Rivertowns Enterprise – the hometown newspaper of Hastings-on-Hudson, Dobbs Ferry, Ardsley and Irvington, New York

 

MARCH 18, 2011


‘Things, Etc.,’ the sequel, a potluck of local passions
TIM LAMORTE/RIVERTOWNS ENTERPRISE

Some of the items on display at the Irvington History Center.

 


By Colleen Michele Jones

IRVINGTON — As any collector will tell you, an item still in its original box will fetch a far higher return than an unpackaged one. Erik Weiselberg knew this, but still he recently ripped open and removed dozens upon dozens of Star Wars action figures and other memorabilia from their packaging.

People thought he was crazy.

Weiselberg, a history teacher at Irvington High School who’s been collecting Star Wars merchandise since the original movie came out in 1977, said he was more than happy to show off the collection he’s amassed so that others can enjoy it, too.

Instead of trying to sell or auction off the items — which he didn’t really see himself taking the time to do — Weiselberg has loaned them to the Irvington Historical Society to display as part of “Things, Etc. 2011,” the second installment of the organization’s homage to the wide range of treasures that lurk behind the closed doors of local residents.

The opening reception for the exhibit, which runs through July, is tomorrow (March 19), from 1 to 4 p.m. at the historical society’s headquarters in the old McVickar House on Main Street.

“I think it’s great to share them like this,” said Weiselberg, who is also on the board of the Irvington Historical Society.

And apparently many other folks across Irvington feel the same way.

“We’ve certainly got a lot of collectors around here,” said Betsy Wilson, ex-officio president of the historical society who now serves as program chair.

And curiosity about what others hold dear seems to be a big draw.

“We want to see what our neighbors have,” said Wilson. “It brings a lot of people in that might otherwise not come.”

From the seemingly mundane (garden faucet knobs) to the exquisite (Beleek china from Northern Ireland), the whimsical (trolls) and the downright odd (salt and pepper shakers in the form of prisoners from Alcatraz), the community’s passions and pastimes once again take center stage in the historical society’s display cases.

Why do a second exhibit of collectibles?

“We got such a good response last year, and so many visitors, that we decided it was worth doing again,” said Claire Mastroianni, a docent with the historical society who is again stepping into the role of curator for the exhibit.

If it’s possible, Mastroianni said she thinks “Things, Etc.” Part II is even bigger and better than Part I.

“It’s certainly more diverse,” said Mastroianni.

There’s Irvington resident Mary Scandura’s huge assortment of costume jewelry, including a glittering Christmas tree-shaped centerpiece composed of brightly colored pins and earrings of all kinds sure to catch a visitor’s eye right away. Scandura’s nephew handcrafts conversation pieces like this one as a hobby, Mastroianni said.

For a taste of Americana, check out the collection of salt and pepper shakers, including those commemorating black servants.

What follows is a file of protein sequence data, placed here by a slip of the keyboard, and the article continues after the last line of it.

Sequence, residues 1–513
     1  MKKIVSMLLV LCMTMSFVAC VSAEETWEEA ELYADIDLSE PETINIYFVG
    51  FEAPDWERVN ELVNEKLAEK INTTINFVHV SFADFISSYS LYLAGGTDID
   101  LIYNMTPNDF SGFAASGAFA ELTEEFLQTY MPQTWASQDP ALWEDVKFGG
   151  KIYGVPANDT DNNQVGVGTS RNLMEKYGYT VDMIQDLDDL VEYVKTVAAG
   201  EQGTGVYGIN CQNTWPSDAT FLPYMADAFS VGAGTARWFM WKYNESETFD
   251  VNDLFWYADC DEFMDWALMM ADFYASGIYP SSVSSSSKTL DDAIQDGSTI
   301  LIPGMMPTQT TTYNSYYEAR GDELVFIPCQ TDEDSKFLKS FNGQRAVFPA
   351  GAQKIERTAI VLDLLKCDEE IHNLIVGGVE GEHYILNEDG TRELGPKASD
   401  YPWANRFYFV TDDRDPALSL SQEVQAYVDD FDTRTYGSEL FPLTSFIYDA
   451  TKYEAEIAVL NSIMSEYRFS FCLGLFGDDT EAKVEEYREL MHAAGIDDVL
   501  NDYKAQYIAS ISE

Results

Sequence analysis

“Those were very collectible, and of course now they’re politically incorrect,” said Wilson, who does the research behind the items so visitors can learn more about their origin and other interesting details.

There’s also the distinctive orange, yellow, and green ceramic serving pieces that carry the Majolica label; milk glass candlesticks; Toby jugs; old cooking utensils, candy and cookie molds, and aprons; teacups and spoons; commemorative Christmas ornaments; and a collection of old bottles and jars one village resident dug up by Hermit’s Grave within the Irvington Woods.

Fun collections to look at are the trolls of all sizes, each with its own crazy shock of neon-colored hair, and a bunch of fishing lures, including those used for ice fishing, carved into wooden decoys in the shape of a duck, bug, and even an alligator.

“The trolls came out in 1959, then died away and came back in the ‘70s,” said Wilson.

Sure to appeal to little boys (or the little boy in every man) is the array of Marvel Comics books, figures, and more included in the exhibit.

And kids of all ages will want to check out the multitude of antique toys in the children’s room in the basement of the McVickar House.

For collectors, removing items from shelves in their homes or dusting off old boxes from the attic can be a trip down memory lane in itself.

“People love to tell their stories,” said Wilson, “and some people have unpacked things they haven’t seen in years.”

The kinds of objects someone collects can say something about that person, their personality, or their interests.

Weiselberg’s fascination with all things Star Wars, for example, goes back to childhood, when the first movie in the trilogy came out in the late 1970s. The science fiction, environmental, and moral and political themes all spoke to Weiselberg, who was also wowed by the world George Lucas created.

Weiselberg got a lot of Star Wars action figures and toys as gifts when he was a boy, but “gave those all away at some point,” he said.

When the films were re-released in 1997, spurring a whole new wave of Star Wars popularity, he began buying up all the merchandise he could find related to the phenomenon. His collection now includes a wide range of memorabilia — figures, play sets, even a life-sized Darth Vader costumed figure and several lightsabers.

For Weiselberg, it was like being a kid around the holidays again as, one by one, he removed each collectible from its casing, “setting them up with other figures, and letting my memories flood back in and my imagination run wild.”


The Irvington History Center at the McVickar House, 131 Main St., is open to the public every Thursday and Saturday, 1-4 p.m.



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